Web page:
Changes Resulting from Appeals. Finally, if claims are reversed from the initial claim determination during the administrative appeals process, Medicare contractors are now required to “adjust the estimation of the overpayment with the revised input of the statistical expert who created the initial methodology or the revised input of another statistical expert supplied by the contractor should the creator of the initial methodology no longer be available.” This update should prevent providers from continuing to be penalized for contractor mistakes that have been overturned earlier in the appeals process.
Providers facing overpayment determinations that include extrapolations are now provided with greater opportunities to confirm whether the Medicare contractor’s methodology was appropriate. From the revised PIM, it is unclear whether providers may gain access to the supporting documentation of the underlying audits as part of the redetermination or reconsideration process, but such information must be made available during administrative and judicial reviews. Providers should analyze determination letters from contractors describing the statistical sampling methodology to ensure compliance with the new PIM guidance.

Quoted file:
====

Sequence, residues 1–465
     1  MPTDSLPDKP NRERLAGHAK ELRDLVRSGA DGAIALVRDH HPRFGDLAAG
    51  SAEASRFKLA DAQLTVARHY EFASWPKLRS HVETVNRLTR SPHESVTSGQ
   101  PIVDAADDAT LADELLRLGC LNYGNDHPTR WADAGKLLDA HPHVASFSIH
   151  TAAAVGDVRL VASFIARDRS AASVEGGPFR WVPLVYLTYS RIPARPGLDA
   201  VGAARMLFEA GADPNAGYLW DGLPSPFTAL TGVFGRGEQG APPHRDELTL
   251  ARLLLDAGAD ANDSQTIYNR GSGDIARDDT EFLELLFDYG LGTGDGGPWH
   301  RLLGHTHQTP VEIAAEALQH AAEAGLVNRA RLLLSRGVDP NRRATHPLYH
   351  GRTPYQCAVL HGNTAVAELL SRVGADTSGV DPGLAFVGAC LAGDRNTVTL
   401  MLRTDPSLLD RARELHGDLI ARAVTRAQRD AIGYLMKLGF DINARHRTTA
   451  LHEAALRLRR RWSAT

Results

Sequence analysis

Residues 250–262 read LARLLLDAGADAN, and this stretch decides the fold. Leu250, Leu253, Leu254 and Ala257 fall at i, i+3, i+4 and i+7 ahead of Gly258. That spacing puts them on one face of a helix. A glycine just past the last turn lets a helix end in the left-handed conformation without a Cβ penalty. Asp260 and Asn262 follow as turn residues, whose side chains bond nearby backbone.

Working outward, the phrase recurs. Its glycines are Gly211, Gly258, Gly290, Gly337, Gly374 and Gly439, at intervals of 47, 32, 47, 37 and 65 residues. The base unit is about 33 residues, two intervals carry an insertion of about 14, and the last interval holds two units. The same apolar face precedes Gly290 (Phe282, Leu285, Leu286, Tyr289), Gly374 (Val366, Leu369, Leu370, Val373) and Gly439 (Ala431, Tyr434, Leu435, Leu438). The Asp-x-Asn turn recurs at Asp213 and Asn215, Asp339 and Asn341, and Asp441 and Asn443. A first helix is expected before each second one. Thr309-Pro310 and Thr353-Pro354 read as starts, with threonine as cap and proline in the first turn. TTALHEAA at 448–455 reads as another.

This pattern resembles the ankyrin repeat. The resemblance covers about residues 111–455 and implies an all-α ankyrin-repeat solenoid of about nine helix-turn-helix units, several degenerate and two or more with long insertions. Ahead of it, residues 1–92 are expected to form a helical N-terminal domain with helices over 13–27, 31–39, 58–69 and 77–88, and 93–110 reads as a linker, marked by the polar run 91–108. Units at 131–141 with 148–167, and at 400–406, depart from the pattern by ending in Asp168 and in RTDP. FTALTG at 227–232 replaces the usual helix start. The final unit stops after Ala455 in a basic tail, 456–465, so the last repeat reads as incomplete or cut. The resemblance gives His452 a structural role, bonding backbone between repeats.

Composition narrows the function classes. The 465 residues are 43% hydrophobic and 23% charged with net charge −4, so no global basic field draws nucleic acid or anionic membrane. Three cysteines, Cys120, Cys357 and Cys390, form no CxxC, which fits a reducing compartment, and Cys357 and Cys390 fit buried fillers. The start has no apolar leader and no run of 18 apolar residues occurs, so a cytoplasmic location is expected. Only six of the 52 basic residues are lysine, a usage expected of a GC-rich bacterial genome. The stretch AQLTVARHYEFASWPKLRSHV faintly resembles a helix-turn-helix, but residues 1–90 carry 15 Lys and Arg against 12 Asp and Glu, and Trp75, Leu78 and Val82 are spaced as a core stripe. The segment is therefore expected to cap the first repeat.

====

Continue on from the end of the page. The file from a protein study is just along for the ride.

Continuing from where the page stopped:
This guidance should also provide some relief to providers, in that CMS appears to put the brakes on the unfettered discretion of Medicare contractors to determine when extrapolation will be used for a high or sustained error rate, and now contemplates that extrapolation may be used only when documented education has not led to improvement. High-volume providers should face lower risk of extrapolation if their audited error rate is less than 50% and they do not have a history of noncompliance for the same or similar billing issues or a historical pattern of noncompliant billing practice. The PIM’s requirement that very large overpayment determinations be approved by CMS should also reduce contractor abuse of discretion. However, it is not yet known how Medicare tribunals and CMS will enforce this new update, as CMS has created a broad exception for itself and its contractors that their failure to follow the guidance will not necessarily be viewed as affecting the validity of the extrapolation.